Posts tagged: Idaho National Laboratory
1st District Rep. Raul Labrador is headed into what could be hostile territory next week – Idaho Falls and the Idaho National Laboratory, a huge employer in Idaho’s 2nd Congressional District. Labrador twice voted to gut the national nuclear research funding that operates the facility, potentially threatening thousands of jobs at the INL. He’s scheduled to tour the place next week and to address the Rotary Club in nearby Idaho Falls.
“We’ve been trying to do it for months,” Labrador said, but scheduling conflicts put the visit off until now. “They know they’re going to get a frank discussion with me, that I don’t mince my words and I don’t beat around the bush,” he said. “I understand the importance of INL to Idaho, but they also need to understand we have a $17 trillion debt, so we’re going to have a very interesting conversation.”
Two workers at the Idaho National Laboratory have sued the U.S. Department of Energy under the Freedom of Information Act, claiming they were wrongly denied documentation about a 2011 accident in which they were exposed to plutonium, AP reporter Rebecca Boone reports. The two filed a public records request asking the U.S. Department of Energy for documentation about the incident, including security video; they contend the federal agency wrongly denied their FOIA request when it claimed the records were the property of a private contractor. Click below for Boone's full article.
A consortium of utilities and a nuclear reactor designer have submitted a proposal to the U.S. Department of Energy to build a small nuclear reactor to meet future demand for carbon-free power, with a preferred location identified as the Idaho National Laboratory in eastern Idaho. The proposal, which includes utilities from Washington and Utah and a reactor designer from Oregon, seeks grant funds to start the permitting process for the reactor; the earliest it could be built is 2023. Click below for a full report from AP reporter Shannon Dininny.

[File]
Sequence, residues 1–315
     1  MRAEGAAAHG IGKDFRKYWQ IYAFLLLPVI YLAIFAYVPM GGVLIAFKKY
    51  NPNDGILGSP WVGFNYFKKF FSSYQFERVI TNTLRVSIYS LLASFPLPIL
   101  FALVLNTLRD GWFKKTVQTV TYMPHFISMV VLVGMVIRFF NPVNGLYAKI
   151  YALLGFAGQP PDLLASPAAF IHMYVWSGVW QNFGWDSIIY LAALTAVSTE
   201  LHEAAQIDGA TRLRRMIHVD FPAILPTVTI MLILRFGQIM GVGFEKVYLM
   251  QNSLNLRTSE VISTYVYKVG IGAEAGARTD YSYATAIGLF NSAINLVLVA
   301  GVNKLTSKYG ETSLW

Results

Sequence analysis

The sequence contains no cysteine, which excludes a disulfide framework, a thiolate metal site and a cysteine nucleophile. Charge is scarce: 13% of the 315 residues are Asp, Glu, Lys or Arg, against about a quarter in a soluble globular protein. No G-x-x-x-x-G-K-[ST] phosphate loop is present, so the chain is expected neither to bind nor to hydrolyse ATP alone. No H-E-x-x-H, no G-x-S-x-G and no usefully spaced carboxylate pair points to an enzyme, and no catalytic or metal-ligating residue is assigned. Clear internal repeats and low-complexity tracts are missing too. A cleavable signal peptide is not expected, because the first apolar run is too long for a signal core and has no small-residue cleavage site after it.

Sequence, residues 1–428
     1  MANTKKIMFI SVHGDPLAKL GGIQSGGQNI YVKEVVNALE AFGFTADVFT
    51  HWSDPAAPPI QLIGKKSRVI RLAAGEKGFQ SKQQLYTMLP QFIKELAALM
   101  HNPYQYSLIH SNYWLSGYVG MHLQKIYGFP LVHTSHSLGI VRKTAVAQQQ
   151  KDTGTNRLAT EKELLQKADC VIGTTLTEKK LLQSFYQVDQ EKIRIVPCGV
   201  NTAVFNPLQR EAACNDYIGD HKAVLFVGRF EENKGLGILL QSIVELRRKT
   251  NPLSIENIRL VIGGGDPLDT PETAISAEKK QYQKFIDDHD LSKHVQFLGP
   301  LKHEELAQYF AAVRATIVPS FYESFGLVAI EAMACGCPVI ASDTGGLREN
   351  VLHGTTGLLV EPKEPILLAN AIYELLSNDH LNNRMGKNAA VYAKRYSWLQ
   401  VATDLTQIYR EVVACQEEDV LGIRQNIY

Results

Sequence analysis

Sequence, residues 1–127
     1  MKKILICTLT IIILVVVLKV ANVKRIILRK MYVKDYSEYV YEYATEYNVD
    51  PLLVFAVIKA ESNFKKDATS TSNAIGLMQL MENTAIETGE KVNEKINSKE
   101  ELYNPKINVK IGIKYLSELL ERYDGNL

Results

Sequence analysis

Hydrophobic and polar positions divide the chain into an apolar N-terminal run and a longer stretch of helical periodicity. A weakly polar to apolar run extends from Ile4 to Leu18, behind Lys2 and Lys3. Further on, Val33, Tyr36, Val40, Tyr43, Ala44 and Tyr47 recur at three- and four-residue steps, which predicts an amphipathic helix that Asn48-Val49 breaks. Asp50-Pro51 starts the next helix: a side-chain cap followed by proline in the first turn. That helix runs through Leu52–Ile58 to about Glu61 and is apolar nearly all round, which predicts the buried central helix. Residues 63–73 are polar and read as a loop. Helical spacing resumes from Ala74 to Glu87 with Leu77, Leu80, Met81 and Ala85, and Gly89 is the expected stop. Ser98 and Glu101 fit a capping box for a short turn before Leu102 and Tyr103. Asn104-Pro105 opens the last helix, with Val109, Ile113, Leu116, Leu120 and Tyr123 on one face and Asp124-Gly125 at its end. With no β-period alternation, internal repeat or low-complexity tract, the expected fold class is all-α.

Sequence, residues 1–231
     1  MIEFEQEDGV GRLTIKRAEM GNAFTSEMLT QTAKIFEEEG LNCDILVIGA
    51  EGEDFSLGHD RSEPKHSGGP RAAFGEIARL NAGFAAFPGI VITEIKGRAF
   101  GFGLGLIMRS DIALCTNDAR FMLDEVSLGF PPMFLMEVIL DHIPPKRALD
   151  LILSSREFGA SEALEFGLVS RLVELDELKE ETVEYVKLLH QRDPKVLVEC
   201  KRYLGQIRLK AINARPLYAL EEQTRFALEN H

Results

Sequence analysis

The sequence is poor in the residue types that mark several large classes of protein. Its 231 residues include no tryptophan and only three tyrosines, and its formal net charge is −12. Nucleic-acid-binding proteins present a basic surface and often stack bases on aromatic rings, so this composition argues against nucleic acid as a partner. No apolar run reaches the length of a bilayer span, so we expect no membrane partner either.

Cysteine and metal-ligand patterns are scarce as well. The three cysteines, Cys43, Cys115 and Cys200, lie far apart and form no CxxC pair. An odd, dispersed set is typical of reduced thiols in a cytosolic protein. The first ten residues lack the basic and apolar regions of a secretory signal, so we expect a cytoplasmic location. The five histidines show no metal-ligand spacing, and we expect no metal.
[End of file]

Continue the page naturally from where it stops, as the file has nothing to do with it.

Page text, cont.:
Gov. Butch Otter announced today that cleanup of radioactive and hazardous waste buried in unlined pits and trenches at the Idaho National Laboratory will restart in the coming months, after federal officials informed the state last fall that budget restrictions would force a halt to the work. The waste was generated during Cold War weapons production in the 1950s and 1960s; it was a key issue in the agreement former Gov. Phil Batt negotiated with the U.S. Department of Energy requiring removal of all the waste by 2035.
Since last fall's announcement, Otter and his LINE Commission, which stands for Leadership in Nuclear Energy, have been working to get the feds to restart the cleanup. In late May, the Department of Energy directed its cleanup contractor to use cost savings to restart it; as many as 50 employees will be hired to start work by late summer or early fall. Otter, who traveled to eastern Idaho for today's announcement, said, “While we still have some outstanding cleanup issues, this process demonstrates that our relationship with the Department of Energy is improving and we can be more confident that – with continued vigilance – promises will be kept and our concerns will be addressed.” Click below for his full news release.